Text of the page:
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Recording the electric guitar should be a fun experience, and the goal should be to capture the best sound possible. In order to record an amazing sound, you're going to need a great guitar player, a good quality instrument, and possibly an amp, at least one mic and DI. Today's technologies give you a multitude of options on how to go about recording, but your success will still come down to your player, your ears, your tools and how well you know how to utilize them.
Here's a breakdown on the components that will influence your recorded sound.
To achieve a great recording, it's best to work with a seasoned studio guitar player. Even if the guitarist has played many gigs, their live performance background doesn't guarantee that they'll be able to play perfect takes in the studio. Guitarists who are experienced studio musicians are able to play licks and chord progressions easily, fluidly and at the right time. If you're auditioning guitarists to work with for your next session, evaluate aspects of their playing technique including: how hard the strings are strummed or picked, how cleanly the notes are fretted, their timing and ability to read music (if this is required for the session). Artistic aspects of their playing you should listen for include feel, groove and potentially, the guitarists ability to improvise. In order to record a brilliant session, a great guitar player is the first thing you'll want to find.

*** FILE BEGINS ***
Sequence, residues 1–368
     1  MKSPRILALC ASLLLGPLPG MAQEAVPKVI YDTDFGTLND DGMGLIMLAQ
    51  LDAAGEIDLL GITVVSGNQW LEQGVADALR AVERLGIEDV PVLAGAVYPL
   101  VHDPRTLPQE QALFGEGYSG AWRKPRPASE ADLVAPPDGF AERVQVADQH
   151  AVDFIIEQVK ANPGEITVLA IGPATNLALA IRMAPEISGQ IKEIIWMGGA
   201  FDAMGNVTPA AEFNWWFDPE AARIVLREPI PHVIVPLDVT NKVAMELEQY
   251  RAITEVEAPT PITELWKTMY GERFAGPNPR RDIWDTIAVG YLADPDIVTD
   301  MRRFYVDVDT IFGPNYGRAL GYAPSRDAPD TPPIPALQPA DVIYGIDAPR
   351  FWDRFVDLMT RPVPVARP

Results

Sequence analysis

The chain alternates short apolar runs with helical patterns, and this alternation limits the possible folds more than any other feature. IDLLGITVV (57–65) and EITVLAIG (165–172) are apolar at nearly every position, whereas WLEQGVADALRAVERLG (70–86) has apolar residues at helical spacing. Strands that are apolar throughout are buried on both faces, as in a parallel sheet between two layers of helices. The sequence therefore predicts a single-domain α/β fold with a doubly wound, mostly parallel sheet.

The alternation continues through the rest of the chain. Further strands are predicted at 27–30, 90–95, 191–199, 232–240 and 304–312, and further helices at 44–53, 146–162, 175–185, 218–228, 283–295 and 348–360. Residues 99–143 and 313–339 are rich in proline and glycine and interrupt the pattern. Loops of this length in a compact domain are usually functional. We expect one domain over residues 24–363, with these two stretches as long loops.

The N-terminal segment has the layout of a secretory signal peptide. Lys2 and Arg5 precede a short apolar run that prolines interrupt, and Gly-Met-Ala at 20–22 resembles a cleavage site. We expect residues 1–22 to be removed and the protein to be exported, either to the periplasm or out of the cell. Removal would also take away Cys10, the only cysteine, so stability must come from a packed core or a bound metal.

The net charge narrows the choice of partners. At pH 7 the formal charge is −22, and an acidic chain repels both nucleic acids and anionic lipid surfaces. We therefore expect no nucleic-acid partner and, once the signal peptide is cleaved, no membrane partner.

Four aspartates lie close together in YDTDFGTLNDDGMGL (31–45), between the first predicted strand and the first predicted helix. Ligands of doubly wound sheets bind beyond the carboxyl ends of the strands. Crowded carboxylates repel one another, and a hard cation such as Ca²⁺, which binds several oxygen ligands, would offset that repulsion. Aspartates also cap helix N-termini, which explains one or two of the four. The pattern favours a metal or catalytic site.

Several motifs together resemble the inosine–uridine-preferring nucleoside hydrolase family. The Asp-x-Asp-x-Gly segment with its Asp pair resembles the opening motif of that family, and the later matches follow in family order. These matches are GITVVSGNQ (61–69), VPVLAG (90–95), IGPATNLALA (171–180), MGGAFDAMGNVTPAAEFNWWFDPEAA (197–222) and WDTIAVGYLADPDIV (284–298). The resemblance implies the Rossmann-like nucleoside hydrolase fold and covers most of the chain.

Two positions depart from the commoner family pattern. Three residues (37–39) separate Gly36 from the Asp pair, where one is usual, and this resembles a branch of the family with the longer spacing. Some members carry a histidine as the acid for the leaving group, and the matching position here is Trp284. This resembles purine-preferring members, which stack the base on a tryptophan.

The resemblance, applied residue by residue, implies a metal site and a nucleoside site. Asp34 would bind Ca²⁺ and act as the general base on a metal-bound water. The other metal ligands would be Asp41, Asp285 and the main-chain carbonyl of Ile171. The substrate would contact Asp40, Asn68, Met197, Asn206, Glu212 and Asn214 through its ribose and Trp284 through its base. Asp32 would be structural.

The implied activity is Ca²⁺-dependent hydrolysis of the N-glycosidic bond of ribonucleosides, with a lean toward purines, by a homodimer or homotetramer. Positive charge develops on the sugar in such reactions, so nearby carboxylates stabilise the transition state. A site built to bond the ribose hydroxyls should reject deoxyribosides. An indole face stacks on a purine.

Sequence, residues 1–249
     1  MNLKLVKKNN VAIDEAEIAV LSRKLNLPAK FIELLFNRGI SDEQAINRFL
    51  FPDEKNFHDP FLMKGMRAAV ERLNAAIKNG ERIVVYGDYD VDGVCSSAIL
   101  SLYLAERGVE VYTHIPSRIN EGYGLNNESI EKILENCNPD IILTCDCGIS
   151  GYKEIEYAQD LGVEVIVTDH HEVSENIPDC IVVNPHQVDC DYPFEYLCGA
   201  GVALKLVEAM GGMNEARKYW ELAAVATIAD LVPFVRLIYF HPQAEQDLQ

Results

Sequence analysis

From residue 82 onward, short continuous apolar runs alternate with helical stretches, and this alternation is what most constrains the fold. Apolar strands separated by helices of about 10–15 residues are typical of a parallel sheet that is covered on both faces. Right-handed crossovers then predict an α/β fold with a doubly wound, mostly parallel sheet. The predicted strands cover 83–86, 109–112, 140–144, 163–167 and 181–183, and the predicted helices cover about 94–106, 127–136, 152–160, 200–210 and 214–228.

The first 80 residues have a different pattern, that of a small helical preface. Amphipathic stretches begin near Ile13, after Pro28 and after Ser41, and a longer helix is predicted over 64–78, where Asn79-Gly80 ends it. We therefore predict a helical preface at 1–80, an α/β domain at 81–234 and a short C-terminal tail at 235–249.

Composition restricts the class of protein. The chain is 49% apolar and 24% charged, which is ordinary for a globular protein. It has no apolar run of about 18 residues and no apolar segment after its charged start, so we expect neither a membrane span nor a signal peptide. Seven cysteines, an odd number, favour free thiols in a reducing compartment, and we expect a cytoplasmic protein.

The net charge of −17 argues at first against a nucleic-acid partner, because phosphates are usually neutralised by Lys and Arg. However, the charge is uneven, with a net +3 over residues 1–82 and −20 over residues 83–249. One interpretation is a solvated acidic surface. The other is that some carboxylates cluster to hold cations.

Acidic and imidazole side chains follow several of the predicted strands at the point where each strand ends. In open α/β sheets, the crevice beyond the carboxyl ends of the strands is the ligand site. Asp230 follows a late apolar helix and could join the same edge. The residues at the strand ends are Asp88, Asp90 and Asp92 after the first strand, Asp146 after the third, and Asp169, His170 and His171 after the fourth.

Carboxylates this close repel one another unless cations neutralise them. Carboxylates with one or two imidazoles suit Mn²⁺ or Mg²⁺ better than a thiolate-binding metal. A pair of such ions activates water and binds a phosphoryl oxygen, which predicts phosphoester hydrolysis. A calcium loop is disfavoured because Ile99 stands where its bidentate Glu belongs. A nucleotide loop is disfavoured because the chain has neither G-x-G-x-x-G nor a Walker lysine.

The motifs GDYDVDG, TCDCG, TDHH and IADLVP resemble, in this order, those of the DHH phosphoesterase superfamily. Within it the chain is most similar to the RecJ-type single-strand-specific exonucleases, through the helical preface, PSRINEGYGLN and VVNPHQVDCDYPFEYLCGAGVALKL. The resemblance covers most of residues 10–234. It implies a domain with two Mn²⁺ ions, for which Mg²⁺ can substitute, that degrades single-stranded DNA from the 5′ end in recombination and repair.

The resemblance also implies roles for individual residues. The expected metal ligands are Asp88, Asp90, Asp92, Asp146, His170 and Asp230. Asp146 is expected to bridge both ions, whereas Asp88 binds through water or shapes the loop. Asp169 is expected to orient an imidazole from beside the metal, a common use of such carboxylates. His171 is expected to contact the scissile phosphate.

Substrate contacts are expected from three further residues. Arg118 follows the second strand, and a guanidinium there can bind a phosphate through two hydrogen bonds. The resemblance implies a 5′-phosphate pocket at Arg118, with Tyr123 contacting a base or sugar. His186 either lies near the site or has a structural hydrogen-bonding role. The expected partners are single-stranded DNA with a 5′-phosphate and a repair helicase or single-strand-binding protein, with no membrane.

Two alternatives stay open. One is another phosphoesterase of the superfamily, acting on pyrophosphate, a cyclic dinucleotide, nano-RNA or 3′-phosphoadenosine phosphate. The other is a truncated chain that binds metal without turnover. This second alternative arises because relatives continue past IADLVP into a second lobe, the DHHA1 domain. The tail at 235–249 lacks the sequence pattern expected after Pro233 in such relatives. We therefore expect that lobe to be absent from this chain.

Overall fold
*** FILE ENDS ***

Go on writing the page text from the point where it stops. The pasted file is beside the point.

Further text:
The type of wood the guitar is built from, the guitar's construction and the pickups used will determine the sound that's emitted from the instrument. The majority of the sound is produced from the pickups on electric guitars. Single coil pickups tend to have a brighter sound, and humbucking pickups have a thicker, more solid sound. The sound produced by humbucker pickups can mask other mid-range sounds, so be aware of this when tracking. Humbucker pickups do have an advantage; they are designed to reject electromagnetic interference, while single-coil pickups can be affected by this. There are specially stacked humbuckers available for those who would like to capture a tone close to the original source, but without the added noise. That being said, electric guitars are fairly noisy instruments, especially when used in combination with an amplifier, distortion and perhaps a few pedals for effects processing. Your guitar and pickup choices should be based on the type of sound you'd like to achieve.